Conventional Deadlift – Part 1
Everyone who wants to get strong knows that there are 2 lifts that will put muscle on you quickly – the squat and the deadlift. The problem that we have seen for years is that lots of people do NEITHER correctly! I will go over a few things that will help you put pounds on the conventional deadlift in just a few weeks.
- Train your quads
You’re probably asking yourself “Why train quads to deadlift?”. Well the simple answer is that, when pulling conventional, you use a lot of quad. If you aren’t, then you aren’t doing it properly. You should be able to flex your quads and the bar will start to move for you.
A few exercises to bring your quad strength up are:
DB or BB lunges
Close stance squats
Perform these for sets of 8-12.
- Back work
We all know that the deadlift taxes your back. What specific exercises can you to do make sure your deadlift goes up?
Chest supported rows
45deg back raise (with weight/bands)
The stronger the back and bigger the yoke, the higher the deadlift. On top of that you’ll actually LOOK like you lift some weights.
- Grip work
This is something that every athlete should have in their arsenal. Strong hands and forearms will allow you to grip a ball/stick/racquet tighter, push harder, make your opponent on the mat wish they never joined the wrestling team, etc.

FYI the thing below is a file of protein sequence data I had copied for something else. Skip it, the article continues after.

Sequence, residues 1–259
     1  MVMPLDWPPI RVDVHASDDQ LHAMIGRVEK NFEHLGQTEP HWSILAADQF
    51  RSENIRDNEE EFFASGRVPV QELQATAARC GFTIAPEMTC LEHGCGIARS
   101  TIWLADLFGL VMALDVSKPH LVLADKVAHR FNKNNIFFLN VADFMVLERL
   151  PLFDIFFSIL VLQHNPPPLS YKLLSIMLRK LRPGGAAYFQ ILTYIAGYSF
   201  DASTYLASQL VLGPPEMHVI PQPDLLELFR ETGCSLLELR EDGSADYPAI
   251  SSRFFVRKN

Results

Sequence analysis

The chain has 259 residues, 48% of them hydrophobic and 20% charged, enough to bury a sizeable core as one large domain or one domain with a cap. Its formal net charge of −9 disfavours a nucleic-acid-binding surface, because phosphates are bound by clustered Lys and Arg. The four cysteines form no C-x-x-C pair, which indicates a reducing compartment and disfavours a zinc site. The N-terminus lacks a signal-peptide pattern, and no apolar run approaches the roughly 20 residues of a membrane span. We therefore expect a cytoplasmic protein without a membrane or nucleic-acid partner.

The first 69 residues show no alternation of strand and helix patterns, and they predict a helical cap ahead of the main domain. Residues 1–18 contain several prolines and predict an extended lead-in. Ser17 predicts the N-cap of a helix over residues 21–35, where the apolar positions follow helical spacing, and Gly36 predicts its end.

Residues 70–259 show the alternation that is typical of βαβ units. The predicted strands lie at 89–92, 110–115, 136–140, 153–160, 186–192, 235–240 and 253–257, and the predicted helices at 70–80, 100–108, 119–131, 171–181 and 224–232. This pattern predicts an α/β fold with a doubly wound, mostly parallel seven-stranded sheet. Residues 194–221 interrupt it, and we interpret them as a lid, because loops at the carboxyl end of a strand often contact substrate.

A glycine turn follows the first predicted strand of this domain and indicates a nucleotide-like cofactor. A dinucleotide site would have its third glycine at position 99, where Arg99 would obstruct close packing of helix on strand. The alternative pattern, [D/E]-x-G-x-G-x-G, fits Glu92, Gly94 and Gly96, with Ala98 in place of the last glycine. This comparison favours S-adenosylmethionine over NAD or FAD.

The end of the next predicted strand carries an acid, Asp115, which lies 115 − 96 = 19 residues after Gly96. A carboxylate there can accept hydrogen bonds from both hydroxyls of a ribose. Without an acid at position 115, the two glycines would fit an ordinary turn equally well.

Deadlift with bands.
I haven’t seen anything that works the grip more than this. Because of the progressive tension increase of the bands while performing the deadlift, you will have to squeeze the bar as hard as you can in order to lockout the weight. This will be covered in part 2 of the article.
These things will build huge forearms. Do high reps twice a week and gradually work up to the next highest gripper.
Shrugs and Rows
High rep db rows (Kroc rows) and shrugs are a great way to not only build your back but increase your grip strength. Because you have to hold on to the bar or db for an extended period of time your grip will become stronger. Do not limit yourself to just DB rows though. Do all of the rows mentioned in the section at the top!
In addition to all of these things, make sure you hammer your ab work. Building a strong set of abdominals can do nothing but help increase the weight you can handle. If you are using a belt for your heavier sets, I recommend learning how to use it. Sometimes the addition of a belt can add 50lbs to your deadlift, if utilized correctly!
This covers the very basics of how to bring up your deadlift. The next section will be about foot placement and adding accommodating resistance, ie: adding bands or chains. Stay tuned!